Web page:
I added this 5-minute hip mobility routine to the end of my workout— here’s what happened

a woman bending into a deep lunge
(Image credit: Getty Images)

Mobility exercise enhances joint flexibility, reduces your risk of injuries, and improves overall movement efficiency. As greatly beneficial as this form of exercise is, I am guilty of not factoring it into my fitness regime on a regular basis. So when I found this 5-minute mobility routine for the hips, I had no excuse not to give it a go. 

Since it is so short, I added it onto the end of a 15-minute dumbbell core workout as I figured it would be a good way to cool down and hopefully relieve areas of my body that are prone to tightness like my hips and lower back. After rolling out one of the best yoga mats I was ready to go.

Of course, I wasn't expecting just one five-minute mobility session to cure all my hip flexor tightness for good, but it was a starting point. Thanks to the creator of the routine, Katy Bath, a professional Pilates instructor, I was in good hands.

View Katy Bath's 5-minute hip mobility routine

The first thing I noticed as I started working through the exercises is the tightness and release of tension that I could feel in my hips. You might be wondering why so many mobility routines focus on the hips, well, it's because they play a key role in pretty much every movement involving the lower body. Whether walking, running, squatting, or jumping, the hips are actively engaged. 

Shakira was onto something when she said hips don't lie. When we work on our hip mobility with regular exercises like the ones above, we help our hips perform efficiently and with less risk of injury.

As a keen runner, I've spent years learning the best way to warm up properly for a run, and nearly all of my go-to warm-up exercises engage the hips to ensure they are ready to carry me through my miles. I will definitely be using this routine post-run to help my hip joints recover.

But working on hip mobility isn't just beneficial for runners; it can enhance all kinds of sports and activities. Whether you're a CrossFitter, a dancer, a soccer player, or someone who loves hiking, improved hip mobility allows for more powerful and controlled movements, leading to better speed, agility, and endurance.

a woman leaning into a deep lunge with her hands held high above her head

(Image credit: Shutterstock)

Another thing I noticed while performing the routine is that this kind of movement is excellent for injury prevention. Tight hip flexors and weak hip muscles can lead to various issues, such as lower back pain, knee pain, and even injuries in the ankles and feet due to compensatory movements.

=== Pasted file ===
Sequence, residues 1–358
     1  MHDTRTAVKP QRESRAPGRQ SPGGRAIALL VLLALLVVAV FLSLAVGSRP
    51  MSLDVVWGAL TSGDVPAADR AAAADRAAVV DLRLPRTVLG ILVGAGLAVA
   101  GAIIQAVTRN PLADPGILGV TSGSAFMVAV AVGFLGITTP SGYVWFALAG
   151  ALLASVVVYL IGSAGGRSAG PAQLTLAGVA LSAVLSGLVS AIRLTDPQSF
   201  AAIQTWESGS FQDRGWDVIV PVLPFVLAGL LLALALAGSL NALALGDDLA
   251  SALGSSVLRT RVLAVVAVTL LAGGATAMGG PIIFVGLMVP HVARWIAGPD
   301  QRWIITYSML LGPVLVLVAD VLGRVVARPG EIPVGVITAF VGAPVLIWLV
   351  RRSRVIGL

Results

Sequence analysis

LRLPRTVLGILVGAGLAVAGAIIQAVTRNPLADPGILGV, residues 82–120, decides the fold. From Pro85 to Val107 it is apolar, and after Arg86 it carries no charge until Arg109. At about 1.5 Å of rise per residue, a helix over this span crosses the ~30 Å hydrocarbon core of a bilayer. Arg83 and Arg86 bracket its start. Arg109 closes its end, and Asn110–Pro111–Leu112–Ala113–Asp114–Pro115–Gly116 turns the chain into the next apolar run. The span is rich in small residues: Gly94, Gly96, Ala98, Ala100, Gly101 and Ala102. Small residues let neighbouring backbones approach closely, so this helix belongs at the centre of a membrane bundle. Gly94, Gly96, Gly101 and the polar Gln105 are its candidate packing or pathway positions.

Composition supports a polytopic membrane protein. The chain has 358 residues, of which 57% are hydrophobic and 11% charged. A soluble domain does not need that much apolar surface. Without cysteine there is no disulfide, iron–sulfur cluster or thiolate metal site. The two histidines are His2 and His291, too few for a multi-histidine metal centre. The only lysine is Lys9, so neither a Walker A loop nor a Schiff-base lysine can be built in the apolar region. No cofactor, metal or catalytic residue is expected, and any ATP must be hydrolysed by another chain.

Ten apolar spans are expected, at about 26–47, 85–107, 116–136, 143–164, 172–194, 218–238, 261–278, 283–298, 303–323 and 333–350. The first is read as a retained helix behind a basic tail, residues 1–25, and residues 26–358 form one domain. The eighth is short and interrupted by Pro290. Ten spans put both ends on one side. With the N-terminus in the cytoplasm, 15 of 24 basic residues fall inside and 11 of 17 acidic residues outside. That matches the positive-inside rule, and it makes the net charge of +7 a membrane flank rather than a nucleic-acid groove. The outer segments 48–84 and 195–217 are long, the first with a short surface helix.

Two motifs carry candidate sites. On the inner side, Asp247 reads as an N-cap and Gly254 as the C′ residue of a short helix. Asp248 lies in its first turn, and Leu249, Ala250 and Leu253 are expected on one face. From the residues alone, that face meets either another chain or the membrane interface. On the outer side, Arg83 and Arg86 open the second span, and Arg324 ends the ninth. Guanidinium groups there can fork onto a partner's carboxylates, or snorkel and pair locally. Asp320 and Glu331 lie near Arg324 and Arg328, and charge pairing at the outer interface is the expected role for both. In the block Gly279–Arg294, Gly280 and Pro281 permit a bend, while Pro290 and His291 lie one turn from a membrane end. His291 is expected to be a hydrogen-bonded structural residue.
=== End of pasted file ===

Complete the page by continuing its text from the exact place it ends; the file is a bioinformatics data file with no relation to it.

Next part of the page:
Instead of waiting to improve my hip mobility after an injury occurs, I'm going to start being more proactive and lean into exercises like this to foolproof my body. Plus, as we age, maintaining mobility becomes increasingly important to preserve independence and quality of life.

Regular hip mobility exercises can help slow down the natural decline in joint function and flexibility that comes with aging. You won't know how tight your hips are until you try a routine like this one, so why not give it a go?

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Jessica Downey
Fitness Writer

Jessica is an experienced fitness writer with a passion for running. Her love for keeping fit and fueling her body with healthy and enjoyable food quite naturally led her to write about all things fitness and health-related. If she isn’t out testing the latest fitness products such as the latest running shoe or yoga mat for reviewing then she can be found writing news and features on the best ways to build strength, active aging, female health, and anything in between. Before then she had a small stint writing in local news, has also written for Runners World UK (print and digital), and gained experience with global content marketing agency, Cedar Communications.

Born and raised in Scotland, Jessica is a massive fan of exercising and keeping active outdoors. When at home she can be found running by the sea, swimming in it, or up a mountain. This continued as she studied and trained to become a PPA-accredited magazine journalist in Wales. And since working and living in London, she splits her time between weight training in the gym, trying new fitness classes, and finding scenic running routes. Jessica enjoys documenting this on her fitness-inspired Instagram page @jessrunshere where she loves engaging with like-minded fitness junkies.

She is a big fan of healthy cooking and loves learning more about this area with expert nutritionists she has met over the years. Jessica is a big advocate for building healthy relationships with food rather than building restrictive attitudes towards it. When she isn’t eating or running she also enjoys practicing yoga in her free time as it helps her to unwind and benefits her performance in other sports.